Recently, The Asia Pacific Regional Network of Green Building Councils gathered in Melbourne, the 16th most livable city globally, to experience the renowned Green Cities conference. At the event, the Green Building Council of Australia launched the executive summary of their Carbon Positive Roadmap, the culmination of a year-long discussion engaging their industry.
As a global green building movement, our ambition is clear – all new buildings must operate at net zero carbon by 2030 and all buildings must operate at net zero carbon by 2050. As part of this ambition, over the next decade, GBCA has committed to supporting their industry in achieving high levels of energy efficiency and the use of 100% renewable energy from both on-site and off-site sources. Additionally, they will provide education and capacity building in power purchase agreements, GHG accounting, technology (e.g. storage, smart controls) and governance tools to manage the transition. In other words, GBCA is all in!
Our Asia Pacific Regional Network meeting in Melbourne centered around this topic of net zero carbon buildings, and how GBCs are leading the way in decarbonizing the built environment.
Firstly, it was interesting to hear our Network reflect that while we have been effective in driving down energy use through more energy efficient technologies and design, we still have a long way to go in terms of occupiers’ energy use. As a follow up to this, WorldGBC’s Asia Pacific Network is working with CBRE on a deeper dive into the business case for green buildings in key Asia Pacific markets. Part of this dialogue is about promoting the disclosure of energy use in buildings as a key component to driving behavior change. What gets measured get managed, so it is important that we empower people with information about their energy use.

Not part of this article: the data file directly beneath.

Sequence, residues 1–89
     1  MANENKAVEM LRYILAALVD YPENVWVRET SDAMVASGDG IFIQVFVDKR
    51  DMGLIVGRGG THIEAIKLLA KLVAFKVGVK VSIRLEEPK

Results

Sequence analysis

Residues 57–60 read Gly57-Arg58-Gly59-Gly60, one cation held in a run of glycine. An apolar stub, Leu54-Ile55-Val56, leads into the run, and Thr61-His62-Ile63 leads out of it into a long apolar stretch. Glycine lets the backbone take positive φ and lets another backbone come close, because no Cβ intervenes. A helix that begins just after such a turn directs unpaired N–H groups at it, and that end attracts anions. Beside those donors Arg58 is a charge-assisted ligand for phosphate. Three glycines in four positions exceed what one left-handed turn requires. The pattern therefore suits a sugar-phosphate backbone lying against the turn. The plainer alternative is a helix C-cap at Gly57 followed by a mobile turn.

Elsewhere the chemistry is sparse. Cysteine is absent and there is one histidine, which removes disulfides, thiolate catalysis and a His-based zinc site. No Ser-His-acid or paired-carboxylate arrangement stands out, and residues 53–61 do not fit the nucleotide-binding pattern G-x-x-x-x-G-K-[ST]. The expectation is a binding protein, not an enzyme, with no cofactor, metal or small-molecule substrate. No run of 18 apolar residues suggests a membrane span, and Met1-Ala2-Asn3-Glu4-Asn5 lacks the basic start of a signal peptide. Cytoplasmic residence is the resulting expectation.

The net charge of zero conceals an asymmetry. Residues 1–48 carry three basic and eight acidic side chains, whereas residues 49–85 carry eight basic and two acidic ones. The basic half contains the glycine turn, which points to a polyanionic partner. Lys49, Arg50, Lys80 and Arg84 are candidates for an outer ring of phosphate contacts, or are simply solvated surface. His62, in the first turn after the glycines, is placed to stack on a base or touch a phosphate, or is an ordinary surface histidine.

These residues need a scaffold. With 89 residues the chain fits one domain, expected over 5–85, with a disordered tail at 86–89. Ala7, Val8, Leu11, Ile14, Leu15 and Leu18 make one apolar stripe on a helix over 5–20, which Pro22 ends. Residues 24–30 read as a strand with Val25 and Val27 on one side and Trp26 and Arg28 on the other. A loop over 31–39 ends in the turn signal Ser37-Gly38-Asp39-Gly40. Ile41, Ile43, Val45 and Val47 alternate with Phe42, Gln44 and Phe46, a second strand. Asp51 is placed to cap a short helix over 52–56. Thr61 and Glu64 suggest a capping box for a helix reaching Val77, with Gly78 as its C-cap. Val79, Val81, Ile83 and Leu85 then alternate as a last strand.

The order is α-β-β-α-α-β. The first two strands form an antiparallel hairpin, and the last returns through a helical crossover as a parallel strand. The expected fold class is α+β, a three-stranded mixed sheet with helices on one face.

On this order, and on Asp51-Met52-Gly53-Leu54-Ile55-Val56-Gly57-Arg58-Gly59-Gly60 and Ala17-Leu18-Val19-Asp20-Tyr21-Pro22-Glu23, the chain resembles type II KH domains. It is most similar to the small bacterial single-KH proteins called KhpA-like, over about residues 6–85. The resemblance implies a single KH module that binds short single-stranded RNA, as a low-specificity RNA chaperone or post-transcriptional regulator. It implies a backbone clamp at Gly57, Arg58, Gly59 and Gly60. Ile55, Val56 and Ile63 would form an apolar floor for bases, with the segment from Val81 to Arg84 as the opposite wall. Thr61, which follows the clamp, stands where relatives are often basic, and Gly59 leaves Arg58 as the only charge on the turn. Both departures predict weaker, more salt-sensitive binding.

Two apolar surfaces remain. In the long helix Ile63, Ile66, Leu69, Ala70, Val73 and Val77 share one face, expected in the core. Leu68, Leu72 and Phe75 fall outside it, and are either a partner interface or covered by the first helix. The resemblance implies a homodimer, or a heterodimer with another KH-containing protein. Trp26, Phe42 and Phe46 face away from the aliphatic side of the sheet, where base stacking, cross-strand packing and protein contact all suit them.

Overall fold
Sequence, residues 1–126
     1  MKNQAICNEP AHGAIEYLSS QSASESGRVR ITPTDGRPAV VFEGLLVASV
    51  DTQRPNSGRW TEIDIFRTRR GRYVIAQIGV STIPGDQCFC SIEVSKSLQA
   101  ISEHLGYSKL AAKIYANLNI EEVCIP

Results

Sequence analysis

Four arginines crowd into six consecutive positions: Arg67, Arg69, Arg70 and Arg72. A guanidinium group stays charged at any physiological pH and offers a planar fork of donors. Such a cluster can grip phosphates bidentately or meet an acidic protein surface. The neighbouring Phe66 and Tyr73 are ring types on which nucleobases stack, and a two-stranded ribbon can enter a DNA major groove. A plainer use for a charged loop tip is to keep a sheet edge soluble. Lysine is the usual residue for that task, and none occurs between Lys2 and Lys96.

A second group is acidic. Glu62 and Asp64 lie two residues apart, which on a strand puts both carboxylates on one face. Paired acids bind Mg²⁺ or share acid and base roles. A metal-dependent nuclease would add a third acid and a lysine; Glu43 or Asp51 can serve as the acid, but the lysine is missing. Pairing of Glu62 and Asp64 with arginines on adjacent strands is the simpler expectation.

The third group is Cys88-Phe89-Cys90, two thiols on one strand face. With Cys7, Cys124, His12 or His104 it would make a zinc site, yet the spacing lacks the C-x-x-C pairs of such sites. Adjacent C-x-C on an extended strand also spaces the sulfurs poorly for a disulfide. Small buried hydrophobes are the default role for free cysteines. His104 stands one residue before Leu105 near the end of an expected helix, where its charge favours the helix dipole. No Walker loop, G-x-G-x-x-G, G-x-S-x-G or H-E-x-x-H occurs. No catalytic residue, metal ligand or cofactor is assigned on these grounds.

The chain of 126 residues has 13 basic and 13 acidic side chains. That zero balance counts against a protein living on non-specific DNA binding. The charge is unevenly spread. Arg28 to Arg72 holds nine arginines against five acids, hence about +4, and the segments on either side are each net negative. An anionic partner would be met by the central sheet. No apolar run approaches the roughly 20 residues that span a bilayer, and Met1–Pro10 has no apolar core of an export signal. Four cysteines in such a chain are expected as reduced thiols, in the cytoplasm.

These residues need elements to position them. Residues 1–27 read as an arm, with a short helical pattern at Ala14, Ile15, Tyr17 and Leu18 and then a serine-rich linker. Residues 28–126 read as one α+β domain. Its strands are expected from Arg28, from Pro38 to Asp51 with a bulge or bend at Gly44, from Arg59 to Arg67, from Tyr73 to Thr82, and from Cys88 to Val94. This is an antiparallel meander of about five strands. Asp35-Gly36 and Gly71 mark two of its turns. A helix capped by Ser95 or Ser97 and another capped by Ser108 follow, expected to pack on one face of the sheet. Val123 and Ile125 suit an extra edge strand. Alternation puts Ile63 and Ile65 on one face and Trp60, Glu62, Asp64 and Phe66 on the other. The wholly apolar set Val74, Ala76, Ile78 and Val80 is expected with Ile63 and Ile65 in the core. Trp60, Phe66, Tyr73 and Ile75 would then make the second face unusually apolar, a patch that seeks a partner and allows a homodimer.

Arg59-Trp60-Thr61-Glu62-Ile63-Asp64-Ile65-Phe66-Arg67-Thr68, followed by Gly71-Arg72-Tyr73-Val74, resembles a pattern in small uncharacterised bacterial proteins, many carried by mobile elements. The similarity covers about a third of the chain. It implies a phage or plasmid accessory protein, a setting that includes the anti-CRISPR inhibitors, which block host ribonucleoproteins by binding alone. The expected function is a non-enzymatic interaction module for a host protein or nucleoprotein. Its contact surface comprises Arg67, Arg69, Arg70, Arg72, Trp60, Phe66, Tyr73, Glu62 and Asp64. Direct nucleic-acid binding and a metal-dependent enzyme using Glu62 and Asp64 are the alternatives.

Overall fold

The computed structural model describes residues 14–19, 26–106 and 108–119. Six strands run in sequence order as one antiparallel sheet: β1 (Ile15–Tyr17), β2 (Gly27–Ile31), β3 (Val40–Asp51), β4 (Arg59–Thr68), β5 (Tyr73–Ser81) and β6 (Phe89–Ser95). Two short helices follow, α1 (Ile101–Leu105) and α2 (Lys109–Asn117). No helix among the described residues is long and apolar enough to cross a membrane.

Secondly, governments in the region play a key role in the transition to a low-carbon futurewhich is why so many of our GBCs work closely with national and sub-national governments. In Hong Kong, the HKGBC is working closely with the government in their ACT Shop programme to support industry in enhancing energy efficiency of existing buildings, as they consume the bulk of the city’s energy. In Indonesia, the GBC is collaborating with the Jakarta government to reduce building emissions by 30% by 2030, under the Jakarta Grand Design, given the impact that can be made through buildings.
In addition to government, our GBCs are also collaborating with multi-laterals and aid agencies. In Pakistan, the GBC is working with the World Bank on developing the Energy Conservation Building Code. Given that both steel and cement are produced in Pakistan, the GBC is looking not only at energy efficiency regulations but also at reducing the embodied carbon of these products by reducing the amount of energy consumed during their production. In the Philippines, the GBC works with aid agencies from both the EU and the US to provide educational resources for government in order to reduce regulatory barriers to energy efficiency.
Most importantly however, the GBCs at our Melbourne meeting agreed that while energy efficiency is important and has multiple benefits, such as cost savings and better comfort, it is not the end goal. Our end goal is net zero carbon, and so to meet this end goal, access to renewable energy must be pursued concurrently, not sequentially, to energy efficiency measures. This means our movement needs to drive renewable energy access just as strongly as it is driving energy efficiency measures.
But there are regional complications: In the Philippines, existing regulations are driving up prices of renewables. The country has one of the world’s leading solar panel manufacturers, but due to unfavorable regulations the panels are for export purposes only. They would be heavily taxed if used domestically, driving up the price of clean energy. GBCA’s year-long consultation with industry on what a carbon positive future would look like is a great example of linking energy efficiency and renewable energy strategies. In key markets such as Australia and India, GBCs are reaching out to bring renewable energy companies closer into the movement. Our Regional Chair from India GBC, S. Raghupathy shared his vision for the Thar Desert between India and Pakistan as prime land for a solar farm and a big step towards decarbonisation, as well as reconciliation.
Our GBCs are leading the transformation to a low-carbon future. Our ambition has been set and the path ahead is clear. Energy efficiency technologies have been successful but more needs to be done to address occupant energy use behavior for maximum reductions; we’re working in partnership with governments and multilateral agencies to build on one another’s strengths; and we’re ramping up focus on renewable energy access to meet our net zero carbon end goal. Do you have an interest in a low-carbon future in Asia Pacific? Join us in this transformation!